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A New Interdisciplinary Field: Human Pharmacogenomic Epidemiology

S. Kimmel

Penn's School of Medicine has been awarded a major grant from the National Institutes of Health (NIH) to bring together researchers from different disciplines to study gene-drug interactions. The three-year, $595,000 award is one of 21 in the country that will support planning activities for groups of researchers to develop interdisciplinary strategies to solve significant biomedical or behavioral research problems.

The Penn project, to be headed by Dr. Stephen E. Kimmel, associate professor of medicine and epidemiology, will also establish a new interdisciplinary field called Human Pharmacogenomic Epidemiology (HPE). HPE will bring together the disciplines of genetics, bioinformatics, pharmacology, epidemiology, biostatistics, and bioethics. HPE is not simply the merger of multiple disciplines, working in parallel or sequence, but rather a new archetype of research that will develop novel ways of working synergistically to address the scientific, logistical, and intellectual barriers to interdisciplinary research. Recent advances have paved the way for significant gains in understanding how genetic variability can alter drug response. Despite this promise, the nature of gene-drug interactions is complex, and progress in the field has been hampered by the lack of a genuine interdisciplinary approach.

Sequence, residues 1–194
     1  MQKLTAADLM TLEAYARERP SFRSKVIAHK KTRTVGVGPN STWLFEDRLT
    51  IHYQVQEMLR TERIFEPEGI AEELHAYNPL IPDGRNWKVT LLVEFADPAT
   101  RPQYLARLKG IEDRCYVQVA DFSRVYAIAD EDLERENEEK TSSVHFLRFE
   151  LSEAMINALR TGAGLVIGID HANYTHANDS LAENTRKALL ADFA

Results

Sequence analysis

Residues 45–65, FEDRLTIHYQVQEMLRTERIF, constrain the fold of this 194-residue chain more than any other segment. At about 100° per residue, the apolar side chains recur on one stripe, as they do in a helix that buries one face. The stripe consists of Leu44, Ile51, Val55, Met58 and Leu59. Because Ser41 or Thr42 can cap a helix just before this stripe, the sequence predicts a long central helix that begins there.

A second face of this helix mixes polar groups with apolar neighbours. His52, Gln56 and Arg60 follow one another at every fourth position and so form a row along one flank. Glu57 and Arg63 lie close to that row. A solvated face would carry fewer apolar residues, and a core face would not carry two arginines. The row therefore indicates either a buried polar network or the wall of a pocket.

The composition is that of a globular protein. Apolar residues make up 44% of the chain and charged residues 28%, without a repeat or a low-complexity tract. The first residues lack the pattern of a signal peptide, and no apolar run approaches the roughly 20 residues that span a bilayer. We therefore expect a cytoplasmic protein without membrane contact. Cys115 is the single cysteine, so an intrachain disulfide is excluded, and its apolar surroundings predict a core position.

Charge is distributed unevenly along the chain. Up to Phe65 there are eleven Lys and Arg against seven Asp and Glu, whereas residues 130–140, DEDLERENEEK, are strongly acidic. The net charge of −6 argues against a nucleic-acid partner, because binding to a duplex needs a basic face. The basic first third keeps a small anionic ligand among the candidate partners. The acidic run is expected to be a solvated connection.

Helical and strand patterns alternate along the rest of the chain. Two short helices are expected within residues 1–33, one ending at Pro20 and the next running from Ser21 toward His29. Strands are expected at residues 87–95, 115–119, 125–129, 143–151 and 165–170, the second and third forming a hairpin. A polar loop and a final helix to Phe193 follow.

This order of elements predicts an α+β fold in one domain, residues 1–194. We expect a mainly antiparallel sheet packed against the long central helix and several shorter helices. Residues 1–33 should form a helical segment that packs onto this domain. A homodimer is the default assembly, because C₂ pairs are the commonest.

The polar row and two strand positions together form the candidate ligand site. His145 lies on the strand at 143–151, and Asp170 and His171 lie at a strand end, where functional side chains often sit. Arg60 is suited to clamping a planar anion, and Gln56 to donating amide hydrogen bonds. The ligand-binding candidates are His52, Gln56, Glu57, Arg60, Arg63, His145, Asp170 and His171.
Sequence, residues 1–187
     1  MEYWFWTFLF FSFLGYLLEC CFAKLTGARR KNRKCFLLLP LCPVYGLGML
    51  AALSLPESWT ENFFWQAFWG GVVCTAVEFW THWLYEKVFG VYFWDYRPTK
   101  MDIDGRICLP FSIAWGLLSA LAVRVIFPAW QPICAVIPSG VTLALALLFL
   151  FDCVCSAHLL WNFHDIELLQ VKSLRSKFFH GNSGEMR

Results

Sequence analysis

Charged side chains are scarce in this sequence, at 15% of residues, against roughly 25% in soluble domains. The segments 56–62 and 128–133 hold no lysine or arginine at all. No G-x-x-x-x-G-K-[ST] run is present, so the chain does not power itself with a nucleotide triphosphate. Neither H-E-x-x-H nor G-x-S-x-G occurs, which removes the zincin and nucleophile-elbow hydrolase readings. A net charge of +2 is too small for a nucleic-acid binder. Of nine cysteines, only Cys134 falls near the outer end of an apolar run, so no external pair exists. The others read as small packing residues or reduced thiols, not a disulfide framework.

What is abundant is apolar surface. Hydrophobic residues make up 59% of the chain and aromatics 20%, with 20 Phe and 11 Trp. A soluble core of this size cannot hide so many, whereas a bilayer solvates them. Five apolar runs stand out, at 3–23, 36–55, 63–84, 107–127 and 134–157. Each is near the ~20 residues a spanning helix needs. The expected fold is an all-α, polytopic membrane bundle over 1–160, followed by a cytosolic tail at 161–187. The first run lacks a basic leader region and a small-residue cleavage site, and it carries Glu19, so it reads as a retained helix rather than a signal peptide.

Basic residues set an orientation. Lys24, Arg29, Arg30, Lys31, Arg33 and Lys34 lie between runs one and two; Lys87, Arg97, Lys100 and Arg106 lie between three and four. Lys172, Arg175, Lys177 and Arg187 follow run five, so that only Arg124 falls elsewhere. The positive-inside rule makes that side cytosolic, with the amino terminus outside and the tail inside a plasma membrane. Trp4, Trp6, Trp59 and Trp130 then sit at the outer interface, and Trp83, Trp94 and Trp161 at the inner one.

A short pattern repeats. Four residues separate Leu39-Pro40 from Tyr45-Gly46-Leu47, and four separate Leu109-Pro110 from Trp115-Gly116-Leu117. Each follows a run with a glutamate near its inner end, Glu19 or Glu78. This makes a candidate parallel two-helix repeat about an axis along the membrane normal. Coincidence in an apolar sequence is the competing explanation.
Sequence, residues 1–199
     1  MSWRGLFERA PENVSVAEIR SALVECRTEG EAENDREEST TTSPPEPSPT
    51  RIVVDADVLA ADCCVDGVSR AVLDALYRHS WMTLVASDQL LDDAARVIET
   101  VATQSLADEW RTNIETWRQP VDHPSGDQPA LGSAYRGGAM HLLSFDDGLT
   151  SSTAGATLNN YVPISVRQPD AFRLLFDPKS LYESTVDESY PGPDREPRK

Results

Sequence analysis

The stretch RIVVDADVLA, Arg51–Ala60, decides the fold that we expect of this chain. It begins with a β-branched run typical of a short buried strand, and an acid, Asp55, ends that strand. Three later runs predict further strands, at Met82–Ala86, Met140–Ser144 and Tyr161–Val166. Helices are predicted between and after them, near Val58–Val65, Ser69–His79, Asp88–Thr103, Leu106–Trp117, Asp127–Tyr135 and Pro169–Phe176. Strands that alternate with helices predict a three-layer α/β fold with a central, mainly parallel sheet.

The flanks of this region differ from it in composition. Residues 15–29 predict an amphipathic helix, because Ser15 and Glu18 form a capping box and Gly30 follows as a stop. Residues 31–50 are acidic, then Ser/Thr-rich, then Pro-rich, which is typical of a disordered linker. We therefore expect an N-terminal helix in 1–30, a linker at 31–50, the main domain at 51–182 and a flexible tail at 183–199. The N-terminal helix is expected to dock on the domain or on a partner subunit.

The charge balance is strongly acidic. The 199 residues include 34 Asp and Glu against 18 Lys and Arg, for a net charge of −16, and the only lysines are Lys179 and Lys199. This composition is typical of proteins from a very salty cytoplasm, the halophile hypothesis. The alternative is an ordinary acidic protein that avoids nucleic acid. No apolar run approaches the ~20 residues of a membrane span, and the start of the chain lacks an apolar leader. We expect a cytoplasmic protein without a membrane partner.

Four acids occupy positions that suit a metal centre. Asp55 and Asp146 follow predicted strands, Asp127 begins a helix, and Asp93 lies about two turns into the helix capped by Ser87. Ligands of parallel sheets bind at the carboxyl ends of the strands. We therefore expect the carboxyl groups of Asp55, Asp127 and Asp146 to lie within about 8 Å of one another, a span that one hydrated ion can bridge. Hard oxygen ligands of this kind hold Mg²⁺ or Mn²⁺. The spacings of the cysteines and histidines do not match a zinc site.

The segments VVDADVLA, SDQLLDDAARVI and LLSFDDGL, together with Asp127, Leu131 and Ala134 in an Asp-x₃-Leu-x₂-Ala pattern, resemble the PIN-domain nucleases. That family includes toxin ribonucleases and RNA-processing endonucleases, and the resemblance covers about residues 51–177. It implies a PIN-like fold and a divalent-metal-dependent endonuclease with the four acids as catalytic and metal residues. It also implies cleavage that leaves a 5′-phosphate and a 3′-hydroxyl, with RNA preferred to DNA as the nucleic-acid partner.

Biomedical research has been typically grouped into separate, departmentally based specialties, often functioning independently of each other," explains Dr. Kimmel. "But it has become clear that progress in medicine is a dynamic, multi-faceted process. The conventional divisions within biomedical research may hamper the pace of scientific discovery and ultimately, deliverable benefits to patients. This problem is particularly relevant in our understanding of the influence that genes have on the response to medications. This award will expand the range of study into an exceedingly important biomedical problem and that also raises the prospects of improving the public's health."

"It is an honor and testament to the high caliber of the physicians and researchers here that we are among the select group of recipients of these vitally important grants," says Dr. Arthur H. Rubenstein, EVP  for the Health System and Dean of the School of Medicine.

 Based on the new Human Pharmacogenomic Epidemiology approach, the Penn project will feature a cross-departmental collaboration of experienced investigators from key disciplines, working within an enriched and accommodating academic environment, to develop fresh, distinctive, and sustainable approaches to solving the complex biomedical problem of variable drug response. The team will work to generate strategies targeting barriers to interdisciplinary research on three fronts:

"With this initiative we hope to remove roadblocks to collaboration so that a true meeting of minds can take place that will broaden the scope of investigation, yield fresh and possibly unexpected insights, and create solutions to biomedical problems that have not been solved using traditional, disciplinary approaches," says NIH Director Dr. Elias A. Zerhouni.

 The NIH initiative, fronted by the National Center for Research Resources, is part of the NIH Roadmap for Medical Research, which is intended to support and transform the nation's medical research capabilities.

 

 


  Almanac, Vol. 51, No. 6, October 5, 2004

ISSUE HIGHLIGHTS:

Tuesday,
October 5, 2004
Volume 51 Number 6
www.upenn.edu/almanac

 

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